When beginning family history research, it is important to understand how key records are organised in order to access the correct ones for your family. Below are brief descriptions of each administrative division and how they relate to County Wicklow:
County Wicklow is in the province of Leinster – Ireland in the present day is made up of four provinces; Ulster in the north, Munster in the south, Connaught in the west and Leinster in the east. These areas have their origins in the original ancient realms of Ireland from which their modern day names are derived: Uladh, Mumha, Laighean, and Connaught. A fifth kingdom called Meath was integrated into the province of Leinster. Less familiar ancient kingdoms such as Oriel and Aileach were amalgamated with Ulster from the 17th century.
The first counties created in Ireland were Kildare, Dublin, Louth, Carlow, Kilkenny, Wexford, Kerry, Waterford, Cork, Limerick, Tipperary, and Meath. The latter was later divided into east and west. These present day counties were formed in 1210 during the reign of King John. Other counties were established during the reign of other monarchs. King’s and Queen’s counties were established during the reign of Queen Mary; Longford, Galway, Clare, Roscommon, Sligo, Mayo, Armagh, Leitrim, Tyrone, Donegal, Derry, Cavan, and Fermanagh in the course of Elizabeth I. The events that led to the formation of Down and Antrim are uncertain. The final county to be formed was Wicklow in 1605.
Irish Baronies are regional divisions that have their origins in the great Gaelic family holdings of antiquity. The English turned these into civil divisions for the land valuations carried out in the 19th century, e.g. Griffith’s Valuation. County Wicklow is made up of eight baronies in total. These are Rathdown, Talbotstown Lower, Talbotstown Upper, Ballincor North, Ballinacor South, Newcastle, Arklow and Shillelagh. There are three hundred and twenty-five baronies throughout the country as a whole.
Poor Law Unions:
In 1838 Ireland was divided into a series of administrative districts called Poor Law Unions. These Unions were individual districts in which the people of each area were responsible for the care of all the poor or “paupers” in their Union. Each individual Union area was made up of a number of townlands within an average of ten square mile radius. A market town was normally at the centre and the Poor House or Workhouse was often located there. Many of the buildings that once were used as Poor Houses are still in existence. In County Wicklow there were five Poor Law Unions: Naas, Rathdown, Baltinglass, Rathdrum and Shillelagh.
Irish parishes fall into two categories, civil and ecclesiastical. The civil parish was used in the land valuations that various 19th century administrations carried out. Ecclesiastical parishes were usually larger than their civil counterparts and it was not unusual for two corresponding parishes to differ in name. At the moment there are approximately two and a half thousand ecclesiastical parishes in Ireland. In County Wicklow there are twenty-seven parishes for the Roman Catholic Church and fifty-seven for the Church of Ireland (Anglican). Records are available for many of these. Methodist, Quaker and Presbyterian records also exist for some areas in County Wicklow but to a far lesser extent than the Catholic and Anglican records.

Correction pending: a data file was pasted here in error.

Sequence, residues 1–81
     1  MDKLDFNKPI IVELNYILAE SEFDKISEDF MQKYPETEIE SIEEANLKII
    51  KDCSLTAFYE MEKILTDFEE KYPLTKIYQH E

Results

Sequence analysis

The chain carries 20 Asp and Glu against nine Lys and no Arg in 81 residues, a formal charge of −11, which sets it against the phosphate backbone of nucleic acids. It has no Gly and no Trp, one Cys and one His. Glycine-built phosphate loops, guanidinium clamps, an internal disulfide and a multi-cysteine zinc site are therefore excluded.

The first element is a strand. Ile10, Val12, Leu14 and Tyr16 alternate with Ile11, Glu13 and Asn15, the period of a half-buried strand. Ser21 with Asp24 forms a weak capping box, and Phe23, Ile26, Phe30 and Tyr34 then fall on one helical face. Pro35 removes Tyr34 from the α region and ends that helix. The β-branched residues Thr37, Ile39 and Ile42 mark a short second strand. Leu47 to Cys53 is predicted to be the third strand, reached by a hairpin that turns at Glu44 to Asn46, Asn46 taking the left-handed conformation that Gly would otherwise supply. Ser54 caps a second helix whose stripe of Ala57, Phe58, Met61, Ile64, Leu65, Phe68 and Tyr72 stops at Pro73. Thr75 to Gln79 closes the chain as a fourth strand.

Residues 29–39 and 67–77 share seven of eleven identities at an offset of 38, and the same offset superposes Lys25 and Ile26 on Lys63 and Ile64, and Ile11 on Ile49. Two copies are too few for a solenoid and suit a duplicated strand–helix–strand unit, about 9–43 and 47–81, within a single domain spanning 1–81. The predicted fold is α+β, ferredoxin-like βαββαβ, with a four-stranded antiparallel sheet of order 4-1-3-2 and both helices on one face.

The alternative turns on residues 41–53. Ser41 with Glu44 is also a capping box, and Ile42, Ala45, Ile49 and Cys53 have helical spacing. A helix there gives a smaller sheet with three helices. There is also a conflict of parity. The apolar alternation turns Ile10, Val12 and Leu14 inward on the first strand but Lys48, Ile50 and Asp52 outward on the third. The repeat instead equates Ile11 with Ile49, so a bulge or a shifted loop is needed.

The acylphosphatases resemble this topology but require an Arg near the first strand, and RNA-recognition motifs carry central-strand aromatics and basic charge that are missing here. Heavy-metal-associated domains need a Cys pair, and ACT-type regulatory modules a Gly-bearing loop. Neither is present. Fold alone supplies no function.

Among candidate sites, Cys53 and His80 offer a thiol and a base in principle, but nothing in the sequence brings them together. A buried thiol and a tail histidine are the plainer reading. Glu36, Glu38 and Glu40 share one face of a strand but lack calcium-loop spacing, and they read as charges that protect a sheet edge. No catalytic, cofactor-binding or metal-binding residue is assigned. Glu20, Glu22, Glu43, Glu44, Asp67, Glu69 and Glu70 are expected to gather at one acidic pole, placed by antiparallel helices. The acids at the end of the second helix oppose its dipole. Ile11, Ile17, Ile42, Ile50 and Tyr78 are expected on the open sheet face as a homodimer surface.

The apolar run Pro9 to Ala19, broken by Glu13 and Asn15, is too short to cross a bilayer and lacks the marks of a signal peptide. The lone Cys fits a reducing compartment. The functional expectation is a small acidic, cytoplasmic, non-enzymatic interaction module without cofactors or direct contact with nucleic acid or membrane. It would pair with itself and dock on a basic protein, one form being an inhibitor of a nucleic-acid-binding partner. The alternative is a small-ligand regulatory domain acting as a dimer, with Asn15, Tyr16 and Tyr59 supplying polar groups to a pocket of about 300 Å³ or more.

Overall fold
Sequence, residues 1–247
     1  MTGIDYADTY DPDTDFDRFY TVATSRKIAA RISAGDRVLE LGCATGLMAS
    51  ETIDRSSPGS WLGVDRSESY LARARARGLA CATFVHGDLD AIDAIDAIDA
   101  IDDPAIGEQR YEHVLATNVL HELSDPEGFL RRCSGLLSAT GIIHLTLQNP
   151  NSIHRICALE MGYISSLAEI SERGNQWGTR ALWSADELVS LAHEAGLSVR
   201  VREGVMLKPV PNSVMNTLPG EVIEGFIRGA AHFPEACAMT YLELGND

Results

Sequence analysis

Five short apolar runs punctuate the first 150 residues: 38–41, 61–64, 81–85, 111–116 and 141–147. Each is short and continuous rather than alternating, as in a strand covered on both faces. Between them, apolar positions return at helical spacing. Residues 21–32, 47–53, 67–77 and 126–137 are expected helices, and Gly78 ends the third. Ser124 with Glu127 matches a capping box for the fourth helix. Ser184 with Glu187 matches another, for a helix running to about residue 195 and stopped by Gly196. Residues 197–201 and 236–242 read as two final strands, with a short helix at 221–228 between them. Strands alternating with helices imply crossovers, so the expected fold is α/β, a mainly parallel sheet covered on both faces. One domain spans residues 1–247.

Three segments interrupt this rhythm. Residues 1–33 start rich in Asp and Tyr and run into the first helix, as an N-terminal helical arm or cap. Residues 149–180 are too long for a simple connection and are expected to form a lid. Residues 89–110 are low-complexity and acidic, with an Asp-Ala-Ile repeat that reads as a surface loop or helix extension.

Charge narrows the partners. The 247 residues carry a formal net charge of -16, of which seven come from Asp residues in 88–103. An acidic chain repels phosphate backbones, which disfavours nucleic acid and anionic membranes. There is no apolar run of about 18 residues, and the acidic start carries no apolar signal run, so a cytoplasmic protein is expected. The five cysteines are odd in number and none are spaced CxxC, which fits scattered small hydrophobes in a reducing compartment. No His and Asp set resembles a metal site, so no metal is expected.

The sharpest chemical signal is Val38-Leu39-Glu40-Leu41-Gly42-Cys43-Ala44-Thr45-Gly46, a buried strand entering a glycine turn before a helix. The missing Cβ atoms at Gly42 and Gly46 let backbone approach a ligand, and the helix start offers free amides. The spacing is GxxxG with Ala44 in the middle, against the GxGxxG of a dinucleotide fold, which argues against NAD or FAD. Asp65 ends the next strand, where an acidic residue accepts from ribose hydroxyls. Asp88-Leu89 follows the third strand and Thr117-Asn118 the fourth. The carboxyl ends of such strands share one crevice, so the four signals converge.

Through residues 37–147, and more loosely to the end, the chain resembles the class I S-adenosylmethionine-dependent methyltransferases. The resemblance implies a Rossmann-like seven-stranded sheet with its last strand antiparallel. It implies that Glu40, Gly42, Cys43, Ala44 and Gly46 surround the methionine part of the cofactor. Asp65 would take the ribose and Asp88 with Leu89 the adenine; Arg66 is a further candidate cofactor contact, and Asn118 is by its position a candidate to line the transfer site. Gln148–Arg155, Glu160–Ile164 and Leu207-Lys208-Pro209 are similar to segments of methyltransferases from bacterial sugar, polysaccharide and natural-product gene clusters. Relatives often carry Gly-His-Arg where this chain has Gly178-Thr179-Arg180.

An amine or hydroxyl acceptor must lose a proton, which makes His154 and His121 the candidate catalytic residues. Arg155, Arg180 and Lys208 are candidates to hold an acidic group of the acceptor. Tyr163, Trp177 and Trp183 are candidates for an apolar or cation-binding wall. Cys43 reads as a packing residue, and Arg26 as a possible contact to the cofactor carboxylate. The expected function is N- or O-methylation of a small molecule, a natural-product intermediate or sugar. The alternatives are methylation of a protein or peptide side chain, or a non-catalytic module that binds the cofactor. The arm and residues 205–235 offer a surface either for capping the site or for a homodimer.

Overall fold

The parishes were divided into smaller areas called townlands. These usually consisted of small areas of land that were approximately three hundred and fifty acres in size. Townlands were numerous throughout the country. The 1901 census of Ireland stated that there were sixty thousand four hundred and sixty-two townlands.
As the Church of Ireland was the established church, other 19th century administrative records used by family historians, such as Griffith’s Valuation and the Tithe Applotment Books, are organised by civil parish, which generally correspond to Church of Ireland parish divisions. You can check which civil parish your townland is located in by searching the website http://www.thecore.com/seanruad.
List of County Wicklow Roman Catholic parishes in the 19th Century and their corresponding Civil parishes:
Roman Catholic Parish
Civil Parishes contained
|Arklow||Arklow, Ballintemple, Killahurler, Inch|
|Avoca||Castlemacadam (part), Redcross (part), Ennereilly, Kilbride|
|Baltinglass||Baltinglass, Ballynure, Rathbran|
|Blessington||Blessington (part), Kilbride, Burgage|
|Bray||Bray, Powerscourt, Kilmacanogue, Delgany (part), Calary (part)|
|Clonmore||Liscolman, Crecrin, Aghowle, Mullinacuffe|
|Dunlavin/Donard||Dunlavin, Donard, Crehelp, Rathsallagh, Freynestown, Donaghmore|
|Glendalough/Roundwood||Derrylossary, Calary (part)|
|Hacketstown||Hacketstown, Moyne, Kiltegan (part)|
|Kilbride-Barndarrig||Dunganstown, Castlemacadam (part), Redcross (part)|
|Kilquade/Kilmurray||Kilcoole, Delgany (part), Calary (part), Newcastle Upper, Newcastle Lower|
|Rathdrum (included Aughrim)|
Note: Aughrim became a separate parish with its own register in 1879
|Rathdrum, Knockrath, Ballinacor, Ballykine|
|Tomacork (or Carnew)||Carnew, Kilcommon, Preban (part), Kilpipe (part), Liscolman (part), Crosspatrick|
|Wicklow RC (included Rathnew, Ashford, Glenealy)||Kilcommon, Kilpoole, Killiskey (part), Drumkay, Rathnew (part) and Glenealy|
|Note: Ashford became a separate parish in 1864, with its own parish register.|
Information obtained from the Surnames Index to Griffith’s Valuation and the Tithe Applotment Books, County Wicklow. (National Library of Ireland, 1960).